The steamship HERMANN was built for the Ocean Steam Navigation Co by Jacob A. Westervelt & William Mackey, New York, and was launched on 30 September 1847. Original configuration: 1,734 45/95 tons; 234 feet 11 inches x 39 feet 6 inches x 31 feet 7 inches; 1 funnel (short, tucked in between the paddle boxes), 3 masts (bark rig); wooden construction, 3 decks, square stern, billethead, figurehead of Hermann, the Germanic hero; side-wheel propulsion, 2 side-lever engines (Novelty Iron Works, New York), bore 6 feet x stroke 10 feet, 12 psi, 11 revolutions per minute, aproximate ihp 821 (measured in service); diameter of paddle wheels 36 feet, width of floats 8 feet; service speed 9 knots; accommodation for approximately 180 passengers in 1st class; cost $360,000 (Ridgely-Nevitt) / $410,000 (Kemble).
The HERMANN was the second of two steamships completed for the Ocean Steam Navigation Co, which had been incorporated in May 1846 to carry the mails between New York and Continental Europe for a renewable term of five years. The mail contract offered two alternatives: (1) the company could build two steamships and send them to Bremerhaven, with two sailings per month from New York, for an annual payment of $400,000, or (2) if, preferred, once all four steamships were built it could dispatch the other two of them to Le Havre, with once sailing a month from New York to Bremen and one sailing a month from New York to Le Havre, for an annual payment of $350,000. The lesser amount of this second alternative was in consideration of the shorter distance from New York to Le Havre.
The HERMANN was laid down sometime after the launch of her sister ship, the WASHINGTON, on 30 January 1847, the delay in starting being the
result of financial problems, the company being unable to raise sufficient capital to fund her construction. Her intended name was LAFAYETTE,
suggesting that the company intended to use her on the proposed New York-Le Havre service. However, she was launched as HERMANN. She was outwardly identical to the WASHINGTON, but was four and one half feet longer, almost a foot broader, and surveyed at 74 tons more; her weather deck was clear except for the wheel house aft and two small houses near the paddle boxes which served as entryways to the cabins below. On the main deck was the Grand Saloon, over 85 feet long, with “family” rooms for four to six passengers installed on the deck below.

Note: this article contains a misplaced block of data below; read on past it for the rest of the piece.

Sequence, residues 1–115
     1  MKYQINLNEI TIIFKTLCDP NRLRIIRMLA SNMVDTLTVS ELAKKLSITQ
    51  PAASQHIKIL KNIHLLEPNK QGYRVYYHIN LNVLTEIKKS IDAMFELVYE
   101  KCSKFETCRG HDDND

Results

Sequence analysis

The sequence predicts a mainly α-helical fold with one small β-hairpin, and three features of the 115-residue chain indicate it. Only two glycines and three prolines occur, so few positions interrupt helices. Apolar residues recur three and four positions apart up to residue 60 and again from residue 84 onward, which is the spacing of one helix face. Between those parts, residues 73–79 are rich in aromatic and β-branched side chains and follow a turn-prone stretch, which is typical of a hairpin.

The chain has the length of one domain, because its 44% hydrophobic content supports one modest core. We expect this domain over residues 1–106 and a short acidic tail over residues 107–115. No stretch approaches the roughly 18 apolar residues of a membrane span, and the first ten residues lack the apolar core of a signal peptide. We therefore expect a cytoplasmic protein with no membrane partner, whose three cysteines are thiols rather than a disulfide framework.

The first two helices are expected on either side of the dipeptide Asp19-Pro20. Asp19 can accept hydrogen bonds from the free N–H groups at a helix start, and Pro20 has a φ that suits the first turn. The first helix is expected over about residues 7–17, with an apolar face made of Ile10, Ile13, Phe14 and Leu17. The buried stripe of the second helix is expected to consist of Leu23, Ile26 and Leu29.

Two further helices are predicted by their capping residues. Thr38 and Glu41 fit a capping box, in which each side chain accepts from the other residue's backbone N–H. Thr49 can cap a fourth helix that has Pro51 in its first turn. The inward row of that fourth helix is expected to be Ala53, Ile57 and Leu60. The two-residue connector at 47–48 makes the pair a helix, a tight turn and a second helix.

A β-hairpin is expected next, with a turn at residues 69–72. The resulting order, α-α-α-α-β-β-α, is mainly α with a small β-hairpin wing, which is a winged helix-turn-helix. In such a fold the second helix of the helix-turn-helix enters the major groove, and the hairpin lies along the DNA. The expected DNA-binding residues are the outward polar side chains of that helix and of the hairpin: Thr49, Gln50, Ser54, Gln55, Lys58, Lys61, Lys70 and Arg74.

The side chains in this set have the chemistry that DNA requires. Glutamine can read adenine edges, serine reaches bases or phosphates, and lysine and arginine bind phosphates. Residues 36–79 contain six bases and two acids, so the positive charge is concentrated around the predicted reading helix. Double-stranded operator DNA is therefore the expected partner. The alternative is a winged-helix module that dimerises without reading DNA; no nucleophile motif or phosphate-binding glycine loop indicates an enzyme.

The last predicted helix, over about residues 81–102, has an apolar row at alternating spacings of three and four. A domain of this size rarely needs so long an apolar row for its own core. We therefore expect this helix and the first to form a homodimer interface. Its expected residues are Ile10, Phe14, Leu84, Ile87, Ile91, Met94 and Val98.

21 March 1848, maiden voyage, Eleazer Crabtree, master, New York – Halifax (entered in distress, 28 March) – Cowes (arrived 11 April) – Bremen; 600 miles out encountered a storm and for 40 hours lay to, head to sea, making no progress; headrails smashed, part of the overhanging housing of the wheels torn away, and the hull deflected so much that both injection pipes carrying water into the condensers were broken; repaired at Halifax and proceeded. On return passage, sailed from Bremerhaven 19 April, calling at Southampton for further engine repairs; sailed from Southampton 6 May, arriving off Sandy Hook 21 May, but forced to wait 36 hours for the fog to clear before she could come up to her dock; passengers included a dozen camels and two Arab drivers, especially imported from Egypt by the S. B. Howes Circus.
The HERMANN made 4 voyages in 1848 and 5 in 1849, most of them marked by mechanical difficulties, a result of the fact that her hull, like that of the WASHINGTON, was insufficiently rigid to counter the weight of the paddle wheels, shafting, and machinery, which resulted in frequent breaking of pipes and shafts. In addition, while the engines were large enough to propel the ship at a respectable speed, the boilers failed to raise sufficient pressure to power them effectively, and what steam they did produce required the consumption of inordinate quantities of coal. 9 October 1850 – 29 March 1851, HERMANN withdrawn from service for modifications; two original boilers replaced by four smaller ones; short single funnel tucked in between the paddle boxes replaced by two much taller funnels, very close together, fore of the paddle boxes; service speed increased to 10.5 knots; bark rig retained, but the main yard usually stowed on deck, giving the rig the appearance of a barkentine.